Craig Hewitt:
For us the ROI is pretty clear. Podcast Motor has a podcast. I have 2 podcasts for my “personal” brand. Talking specifically for Podcast Motor, the ROI and the return is really clear for us. One, podcasting connects you with people and influencers in your space. I'm sure you guys have seen this at Hubstuff much more than a guest post or outreaching in social media can ever do, because and this is best thing about podcasting, it is you are talking with someone who you really want to connect with for 30 minutes or an hour and you get to build a rapport that would probably only happen elsewhere like at an event like a conference or something. They're able to see what you're all about and you can gain their trust, and then down the road you're able to capitalize on that potentially by, “Hey, could you help me with this,” or, “Hey, we're launching at that,” and then it's not a cold conversation at all. It's a really warm conversation.

The second thing I have to say is we've gotten both a fair amount of links directly to our show, not just like a social media kind of post or something, but like a permanent link from some pretty high profile sites who were guests on our show, and we've gotten business directly from guests on our podcast.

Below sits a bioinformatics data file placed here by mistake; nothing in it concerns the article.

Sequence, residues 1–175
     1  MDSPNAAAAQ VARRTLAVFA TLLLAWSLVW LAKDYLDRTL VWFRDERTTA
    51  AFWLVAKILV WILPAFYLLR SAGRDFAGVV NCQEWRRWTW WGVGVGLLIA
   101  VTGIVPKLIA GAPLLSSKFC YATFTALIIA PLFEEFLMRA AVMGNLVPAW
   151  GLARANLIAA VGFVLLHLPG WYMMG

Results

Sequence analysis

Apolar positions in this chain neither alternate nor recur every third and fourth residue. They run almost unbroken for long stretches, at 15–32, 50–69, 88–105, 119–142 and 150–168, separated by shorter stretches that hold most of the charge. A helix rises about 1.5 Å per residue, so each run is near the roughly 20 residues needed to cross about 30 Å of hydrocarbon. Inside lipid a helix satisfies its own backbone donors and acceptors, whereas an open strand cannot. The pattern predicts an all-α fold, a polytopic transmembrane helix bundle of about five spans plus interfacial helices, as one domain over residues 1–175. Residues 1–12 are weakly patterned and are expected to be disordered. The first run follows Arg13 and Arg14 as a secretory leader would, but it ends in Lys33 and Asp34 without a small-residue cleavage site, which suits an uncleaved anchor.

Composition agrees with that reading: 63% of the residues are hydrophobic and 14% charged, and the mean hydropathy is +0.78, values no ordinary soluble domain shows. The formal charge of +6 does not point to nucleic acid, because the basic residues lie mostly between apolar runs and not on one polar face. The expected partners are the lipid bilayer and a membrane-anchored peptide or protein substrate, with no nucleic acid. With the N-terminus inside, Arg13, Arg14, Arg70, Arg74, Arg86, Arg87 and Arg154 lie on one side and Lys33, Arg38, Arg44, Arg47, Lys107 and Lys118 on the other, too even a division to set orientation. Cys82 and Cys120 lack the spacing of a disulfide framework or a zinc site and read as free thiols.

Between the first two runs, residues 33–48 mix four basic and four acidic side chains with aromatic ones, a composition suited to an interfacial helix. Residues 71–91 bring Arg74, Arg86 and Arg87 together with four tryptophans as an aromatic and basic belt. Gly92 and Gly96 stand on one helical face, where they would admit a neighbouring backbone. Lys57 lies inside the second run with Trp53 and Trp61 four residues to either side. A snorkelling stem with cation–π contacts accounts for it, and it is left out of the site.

Andy Baldacci:
Yeah, because that's the angle that I see the super powerful value of podcast, is like sure I could set up a funnel that's like, all right, these people will have viewed the podcast, who then went to sign up for the trial. You can try to measure the ROI in those terms, but in my mind it's just the power of the network it lets you build and really leverage. The great content is almost a byproduct of that. Are you familiar with James Carbary of Sweet Fish Media?

Craig Hewitt:
Mm-hmm (affirmative), yep.

Andy Baldacci:
Because when I had him on the Hubstaff podcast, and when he was explaining the way he uses podcasting, it was just like mind-blowing to me, because for listeners who aren't familiar with James, what he does is he works with B2B companies and basically sends a podcast as a sales tool where this is the way to start, open the door, get your foot in the door, start a conversation with someone who you eventually want to have a business relationship with, get them on the podcast, and then follow these dozen steps afterwards to get them on the phone for a sales pitch. It's amazing how powerful that is.